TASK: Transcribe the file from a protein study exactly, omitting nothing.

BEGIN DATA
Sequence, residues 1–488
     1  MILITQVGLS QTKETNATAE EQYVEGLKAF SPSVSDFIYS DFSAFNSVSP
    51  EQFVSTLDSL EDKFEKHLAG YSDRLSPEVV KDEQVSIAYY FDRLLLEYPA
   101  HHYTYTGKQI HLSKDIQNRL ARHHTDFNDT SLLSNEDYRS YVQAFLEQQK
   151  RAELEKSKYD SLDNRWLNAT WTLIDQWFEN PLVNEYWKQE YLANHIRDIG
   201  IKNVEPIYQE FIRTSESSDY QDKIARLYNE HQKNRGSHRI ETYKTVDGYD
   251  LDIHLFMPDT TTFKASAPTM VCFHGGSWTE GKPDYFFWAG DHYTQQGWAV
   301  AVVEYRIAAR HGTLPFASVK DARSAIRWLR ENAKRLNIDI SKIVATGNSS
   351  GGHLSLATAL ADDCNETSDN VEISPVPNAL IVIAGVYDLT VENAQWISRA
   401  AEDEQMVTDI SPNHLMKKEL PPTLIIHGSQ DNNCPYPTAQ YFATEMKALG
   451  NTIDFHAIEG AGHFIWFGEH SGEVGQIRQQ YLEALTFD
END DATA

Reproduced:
Sequence, residues 1–488
     1  MILITQVGLS QTKETNATAE EQYVEGLKAF SPSVSDFIYS DFSAFNSVSP
    51  EQFVSTLDSL EDKFEKHLAG YSDRLSPEVV KDEQVSIAYY FDRLLLEYPA
   101  HHYTYTGKQI HLSKDIQNRL ARHHTDFNDT SLLSNEDYRS YVQAFLEQQK
   151  RAELEKSKYD SLDNRWLNAT WTLIDQWFEN PLVNEYWKQE YLANHIRDIG
   201  IKNVEPIYQE FIRTSESSDY QDKIARLYNE HQKNRGSHRI ETYKTVDGYD
   251  LDIHLFMPDT TTFKASAPTM VCFHGGSWTE GKPDYFFWAG DHYTQQGWAV
   301  AVVEYRIAAR HGTLPFASVK DARSAIRWLR ENAKRLNIDI SKIVATGNSS
   351  GGHLSLATAL ADDCNETSDN VEISPVPNAL IVIAGVYDLT VENAQWISRA
   401  AEDEQMVTDI SPNHLMKKEL PPTLIIHGSQ DNNCPYPTAQ YFATEMKALG
   451  NTIDFHAIEG AGHFIWFGEH SGEVGQIRQQ YLEALTFD